Nicholas X Fang

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Nicholas X Fang
4414 Mechanical Engineering Lab

ICMT Faculty

Description of Current Research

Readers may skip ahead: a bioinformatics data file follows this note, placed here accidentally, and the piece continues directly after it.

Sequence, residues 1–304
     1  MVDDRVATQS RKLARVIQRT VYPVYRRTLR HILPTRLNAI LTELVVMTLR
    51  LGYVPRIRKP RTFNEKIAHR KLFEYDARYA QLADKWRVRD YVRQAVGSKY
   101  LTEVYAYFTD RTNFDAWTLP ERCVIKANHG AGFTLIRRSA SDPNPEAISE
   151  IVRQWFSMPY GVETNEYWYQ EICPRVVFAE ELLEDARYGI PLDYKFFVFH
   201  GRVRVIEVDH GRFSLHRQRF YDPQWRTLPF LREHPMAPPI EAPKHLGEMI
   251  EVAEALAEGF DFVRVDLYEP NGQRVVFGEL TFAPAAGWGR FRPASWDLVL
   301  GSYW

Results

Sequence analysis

Professor Fang seeks to bridge new frontiers in nanophotonics and nanomanufacturing. His research group concentrates on creating devices for focusing photon and sound into nanometer scale and using them for imaging and nanofabrication. These devices and technologies could lead revolutionary methods of diagnosing living cells at molecular scale details, without the use of an electron microscope, and open the door for the non-destructive screening of drugs and other biological materials. Inspired by recent scientific predictions of a series of artificial materials possessing negative index of refraction, Professor Fang's team aims at breaking the resolution limit set by light and sound waves because of their nature of diffraction. Using a thin and smooth silver film that resonantly transfer molecular scale details, Professor Fang and his group showed for the first time a sharp optical image with 30nm resolution, about 10 times better than the resolving power of state-of-the-art optical microscopes. Given that many proteins and enzymes are visible in the 50 nanometer range, the technique would allow scientists to view the transport of individual proteins and enzymes within living cells. His group is currently collaborating with Dr. Ling-Gang Wu, a leading neuron scientist from the National Institute of Health to reveal the real-time dynamics of single synapse using optical nanoscopes. To achieve the ultimate goal of super-resolution optical imaging and information processing, a patterning tool needs to be developed to replicate complex metallic structures at the nanoscale. For this purpose, Professor Fang's group worked with Professor Placid Ferreira's group to invent an effective electrochemical imprinting tool with sub-20 nanometer resolution. The process uses a patterned solid electrolyte as a stamp; patterns are etched onto metallic film via an electrochemical reaction. This will also lead to simple and robust process steps for replication of complex metallic nanodevices, such as electronic interconnects, waveguides and sensors. Teamed up with Hewlett-Packard and Berkeley, Professor Fang's group will design, fabricate and demonstrate high speed optical modulators made with negative index materials. His group is also collaborating with Dr. Chris Spadaccini at Livermore National Laboratory to develop advanced micro- and nanofabrication technologies for functional materials such as polymer and ceramic shells with graded density. A digital data projector in his lab has been converted into a low cost, high throughput and flexible microfabrication system for this purpose. Complex micro-reactors with embedded microchannels are fabricated for cultivating microbe and other vital tissues, and enhanced oxygenation and continuous biofuel production are demonstrated.